The weather affects many things. When the weather improves, outdoor projects like tower work can be completed. When the weather is terrible, we may need to do extra work restoring broadcast signals. Today, I am looking at Hurricane Lee, in the North Atlantic basin. Historically speaking, September is the month when we get Hurricanes in the Northeast.
As of this writing, it is too early to be concerned about Lee. Hurricanes can be very unpredictable and there is a good chance the forecast will change many times over the next week or so. That being said, this time of year is a good time to call the fuel companies and top off the generator tanks since winter is coming in a few months anyway. As the situation develops, I may need to dust off the pre-storm checklist.
The basic pre-storm checklist looks something like this:
- 96 hours or more before the storm: Schedule fuel deliveries for generators, and top off oil and water as needed. Test generators under load if possible. Check UPS batteries. Make an off-site data backup if it does not already exist.
- 72 hours before the storm: Coordinate with programming to have backup programs available in the event that the satellite dish is damaged, the internet goes down, etc. Inventory and restock PPE, emergency food, water, blankets, first aid supplies, batteries, etc.
- 48 hours before the storm: Procure supplies needed to secure buildings and sites (plywood, tarps, sandbags, rope, nails, screws, etc). Work out backups for internet STL systems if possible. Work on access plans to remote sites. Make sure that you have the proper tools available.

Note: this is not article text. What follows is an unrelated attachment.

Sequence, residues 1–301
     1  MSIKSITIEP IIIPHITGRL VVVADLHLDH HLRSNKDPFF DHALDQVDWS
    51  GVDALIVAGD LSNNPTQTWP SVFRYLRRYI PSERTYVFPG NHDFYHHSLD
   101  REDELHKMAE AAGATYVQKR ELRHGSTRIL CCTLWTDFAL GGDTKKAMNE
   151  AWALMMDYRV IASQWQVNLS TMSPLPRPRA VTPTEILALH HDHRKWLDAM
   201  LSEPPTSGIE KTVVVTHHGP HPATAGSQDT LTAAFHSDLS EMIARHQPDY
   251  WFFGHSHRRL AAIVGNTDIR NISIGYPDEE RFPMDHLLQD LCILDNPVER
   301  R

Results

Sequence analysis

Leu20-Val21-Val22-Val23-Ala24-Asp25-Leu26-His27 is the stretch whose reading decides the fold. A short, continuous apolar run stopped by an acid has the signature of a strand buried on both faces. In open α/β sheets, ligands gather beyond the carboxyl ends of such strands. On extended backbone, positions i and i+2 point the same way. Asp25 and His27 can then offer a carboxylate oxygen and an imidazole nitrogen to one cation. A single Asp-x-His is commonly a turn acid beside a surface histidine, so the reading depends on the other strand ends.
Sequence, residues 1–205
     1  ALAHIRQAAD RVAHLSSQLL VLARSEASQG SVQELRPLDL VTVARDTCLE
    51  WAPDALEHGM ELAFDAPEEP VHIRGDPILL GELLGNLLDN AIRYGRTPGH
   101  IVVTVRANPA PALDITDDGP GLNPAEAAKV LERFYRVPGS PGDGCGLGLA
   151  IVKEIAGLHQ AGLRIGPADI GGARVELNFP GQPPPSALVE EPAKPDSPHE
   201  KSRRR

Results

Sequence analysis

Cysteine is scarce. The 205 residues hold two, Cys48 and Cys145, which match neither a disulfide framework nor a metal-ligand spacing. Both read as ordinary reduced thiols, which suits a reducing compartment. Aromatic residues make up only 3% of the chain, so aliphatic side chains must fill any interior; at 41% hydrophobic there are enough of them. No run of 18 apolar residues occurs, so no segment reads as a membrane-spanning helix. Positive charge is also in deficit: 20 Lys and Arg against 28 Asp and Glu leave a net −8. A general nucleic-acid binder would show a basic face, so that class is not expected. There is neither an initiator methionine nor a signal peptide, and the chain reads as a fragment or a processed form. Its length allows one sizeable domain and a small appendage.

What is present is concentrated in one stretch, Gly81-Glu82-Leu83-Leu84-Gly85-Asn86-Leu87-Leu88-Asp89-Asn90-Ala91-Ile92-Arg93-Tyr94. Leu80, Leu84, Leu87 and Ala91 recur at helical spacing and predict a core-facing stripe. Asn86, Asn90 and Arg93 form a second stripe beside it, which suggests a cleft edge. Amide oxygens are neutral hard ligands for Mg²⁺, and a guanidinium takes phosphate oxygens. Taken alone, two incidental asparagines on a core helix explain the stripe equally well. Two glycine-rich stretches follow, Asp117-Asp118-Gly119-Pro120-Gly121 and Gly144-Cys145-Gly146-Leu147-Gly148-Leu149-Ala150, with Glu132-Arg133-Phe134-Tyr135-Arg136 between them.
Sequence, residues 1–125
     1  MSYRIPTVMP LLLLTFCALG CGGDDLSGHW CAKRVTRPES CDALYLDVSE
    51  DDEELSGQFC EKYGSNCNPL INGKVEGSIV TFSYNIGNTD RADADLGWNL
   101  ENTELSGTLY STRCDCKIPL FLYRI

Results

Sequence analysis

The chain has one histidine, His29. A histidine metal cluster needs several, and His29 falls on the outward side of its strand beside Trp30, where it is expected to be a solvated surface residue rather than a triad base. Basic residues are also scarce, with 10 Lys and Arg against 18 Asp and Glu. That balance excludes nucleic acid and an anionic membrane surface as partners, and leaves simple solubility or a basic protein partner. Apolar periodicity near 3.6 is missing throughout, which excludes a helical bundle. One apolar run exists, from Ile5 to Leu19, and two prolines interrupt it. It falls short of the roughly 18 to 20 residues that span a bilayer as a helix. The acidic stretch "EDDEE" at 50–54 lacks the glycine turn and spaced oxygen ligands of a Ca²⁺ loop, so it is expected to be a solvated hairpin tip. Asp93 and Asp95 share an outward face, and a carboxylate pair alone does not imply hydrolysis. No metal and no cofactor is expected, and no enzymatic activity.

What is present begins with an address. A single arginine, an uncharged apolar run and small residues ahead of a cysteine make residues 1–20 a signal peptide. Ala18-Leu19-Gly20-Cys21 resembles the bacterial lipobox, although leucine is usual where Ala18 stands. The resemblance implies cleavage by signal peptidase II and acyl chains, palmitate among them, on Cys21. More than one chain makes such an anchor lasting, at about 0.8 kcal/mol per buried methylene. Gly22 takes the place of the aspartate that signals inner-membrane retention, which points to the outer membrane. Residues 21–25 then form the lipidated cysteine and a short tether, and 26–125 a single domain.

- 24 hours before the storm: Secure your personal dwelling, and make sure you have a plan for pets and loved ones. Secure proper shelter for everyone. Fill vehicle gas tanks, and fill portable gas tanks. Update off-site data backup and secure in a safe location.
- 12 hours before the storm: Secure buildings, park vehicles in areas where they will not be damaged by flooding or blowing debris, and make any last-minute supply runs for emergency food and water. Have a set or two of dry clothes and shoes in your vehicle (almost nothing is worse than spending 12-24 hours in wet and cold clothes). Coordinate response with other station personnel, prioritize the order of restoration, and coordinate with local authorities on their needs.
A few years ago, I purchased one of these LiPo battery chain saws:
These are great units because you do not have to carry cans of 2-cycle gas around. This model will cut trees 12-14 inches in diameter and I get about 25-35 minutes of cutting time per battery depending on the motor load. I have used it several times to cut small trees from access roads to tower sites.
Above all else, during and after the storm, be safe. Do not take any risks involving downed wires, damaged towers, satellite dishes, etc.